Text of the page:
I have been a teacher for 14 years.
I have been a mother for 5.
This week, my 2 selves collided in a way I couldn't possibly understand until now.
I think I'm a good teacher. For the most part, my students have always liked being in my class. I've always tried to be kind. I've always struggled to teach my students to the best of my ability. I have always been in it "for the right reasons."
I thought I really "got it"...the power of a teacher.
14 years, 4 different grade levels, 2 schools, and probably 400+ students later, I really "got it."
But my professional epiphany had nothing to do with my job.
On Sunday night, I lay in bed, trying to sleep, looking forward to the school year ahead, and thinking about my boys. Ben would start his first day of VPK with 2 certified real-deal degreed teachers and weekly homework (!) that Monday morning. Aidan Kai (my little rambunctious just-turned-two baby!) would be starting his first day of "school" in the "baby class" at his big brother's school that Tuesday. And as I lay there, I realized the amount of hope and trust I was placing in these teachers, these women who would be helping to mold my little boys over the next year. I was excited for my boys. They would learn and play and jump and laugh and cry and push the limits with these teachers. And in that moment, in the darkness of my room, I realized that, most likely, in many homes a few miles away, there were other moms (and probably dads) thinking the same thoughts and having the same feelings...about Me. Those parents were probably also laying in their beds, wondering what would be in store for their children when they entered my classroom the next day, hoping and trusting, too.
That was the moment when I truly realized the importance of my job.
And the incredible amount of gratitude I feel towards these teachers when they show an extra moment of patience or tenderness or understanding with my boys.
* * *
Ben's been attending his school for 2 years. He started 2 days a week when he was three. Last year he increased to 3 days a week. Monday he started "official pre-k"...5 days a week, full time. He was excited and happy.
Each afternoon, he's worked on his homework for this week.
Sometimes, it's like pulling teeth:
"C'mon, Ben, focus." "No, Ben you have to do some of the writing yourself." "Ben! You know what a letter M looks like!"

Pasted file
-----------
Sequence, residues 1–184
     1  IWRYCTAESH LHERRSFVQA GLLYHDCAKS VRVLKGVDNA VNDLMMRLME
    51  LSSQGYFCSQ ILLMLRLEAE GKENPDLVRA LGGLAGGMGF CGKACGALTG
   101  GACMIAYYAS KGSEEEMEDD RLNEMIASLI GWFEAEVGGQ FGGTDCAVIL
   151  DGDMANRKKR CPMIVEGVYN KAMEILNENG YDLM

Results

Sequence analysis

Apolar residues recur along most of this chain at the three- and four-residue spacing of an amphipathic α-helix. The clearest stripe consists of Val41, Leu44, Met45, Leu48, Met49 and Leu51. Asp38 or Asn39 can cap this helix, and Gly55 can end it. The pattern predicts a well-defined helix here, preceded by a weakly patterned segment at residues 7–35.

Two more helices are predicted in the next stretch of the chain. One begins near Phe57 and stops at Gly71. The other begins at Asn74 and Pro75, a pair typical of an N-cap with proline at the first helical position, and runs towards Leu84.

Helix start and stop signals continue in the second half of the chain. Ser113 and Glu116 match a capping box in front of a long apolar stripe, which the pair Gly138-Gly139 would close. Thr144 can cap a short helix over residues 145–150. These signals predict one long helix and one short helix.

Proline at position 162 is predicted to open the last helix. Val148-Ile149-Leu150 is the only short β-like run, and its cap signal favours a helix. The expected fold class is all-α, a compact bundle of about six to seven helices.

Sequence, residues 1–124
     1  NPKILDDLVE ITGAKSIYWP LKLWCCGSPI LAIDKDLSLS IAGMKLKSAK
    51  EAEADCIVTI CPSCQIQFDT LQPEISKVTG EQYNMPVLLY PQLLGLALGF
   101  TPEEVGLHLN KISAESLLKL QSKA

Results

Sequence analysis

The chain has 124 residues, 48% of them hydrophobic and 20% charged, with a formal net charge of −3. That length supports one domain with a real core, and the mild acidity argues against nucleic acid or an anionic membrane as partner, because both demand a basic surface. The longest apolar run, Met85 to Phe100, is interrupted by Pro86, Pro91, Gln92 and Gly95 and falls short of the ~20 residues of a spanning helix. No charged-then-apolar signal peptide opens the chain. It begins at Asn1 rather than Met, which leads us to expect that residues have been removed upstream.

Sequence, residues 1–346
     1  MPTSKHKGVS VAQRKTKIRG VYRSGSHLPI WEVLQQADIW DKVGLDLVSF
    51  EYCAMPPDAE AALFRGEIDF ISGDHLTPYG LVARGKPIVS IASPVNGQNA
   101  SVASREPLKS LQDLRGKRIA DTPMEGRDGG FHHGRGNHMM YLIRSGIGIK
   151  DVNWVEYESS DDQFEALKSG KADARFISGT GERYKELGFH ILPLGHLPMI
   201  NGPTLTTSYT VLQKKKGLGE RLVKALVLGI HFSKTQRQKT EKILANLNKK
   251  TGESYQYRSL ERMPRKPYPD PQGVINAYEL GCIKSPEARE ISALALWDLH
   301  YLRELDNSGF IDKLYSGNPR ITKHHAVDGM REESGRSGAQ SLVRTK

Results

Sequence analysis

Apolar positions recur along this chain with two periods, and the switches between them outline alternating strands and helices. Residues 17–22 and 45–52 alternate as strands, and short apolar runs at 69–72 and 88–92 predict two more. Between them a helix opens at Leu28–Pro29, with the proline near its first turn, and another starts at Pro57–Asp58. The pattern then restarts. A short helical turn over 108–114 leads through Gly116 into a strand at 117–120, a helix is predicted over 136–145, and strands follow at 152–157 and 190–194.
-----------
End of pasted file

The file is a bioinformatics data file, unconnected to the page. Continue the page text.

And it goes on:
.Other times, it's mommy ecstasy:
"No, Mama, I want to write that part myself." "Let me show Daddy." "I know that Aidan's name starts with a letter A."
I can't quite believe I've arrived (so soon!) at the point in my parenting career where I have to come home (after an entire day of working with 52 kids) to patiently and lovingly teach one more kid.
* * *
Last school year, whenever we went to pick Ben up from school, Aidan Kai was the one who'd pick up his brother's lunchbox from the cubby and carry it to the car. He sometimes even asked to stay. So we decided this year, a full year sooner than Ben, we'd start him out at the same school 2 days a week for half days. Although I knew it was the right thing for him at this point, I was a wreck.
The morning went so smoothly that I was sure all hell would break loose at any moment. He ate his breakfast, he helped pick out his clothing, he picked up his lunchbox, and was ready to go. When we arrived, cringing that surely at any minute he'd start his usual schtick of "Up! Up!" and cling to us, he instead insisted on walking himself down the hall to the front door.
It's the one that made me cry when I looked at it later as I pulled into the parking lot at work.
* * *
I feel like we've started a whole new chapter in our parenting lives. I'm excited and proud of our boys, but I'm a bit melancholy and emotional about the days we're leaving behind. The feeling I've been walking around with today is one I can't even put into words, which is probably why this post has turned into more of an account of the facts than one with a point. I just feel emotionally full and emotionally spent at the same time, and I knew I had to chronicle this event, because it's yet another in which I realize there are some things you can't understand until you're a mom.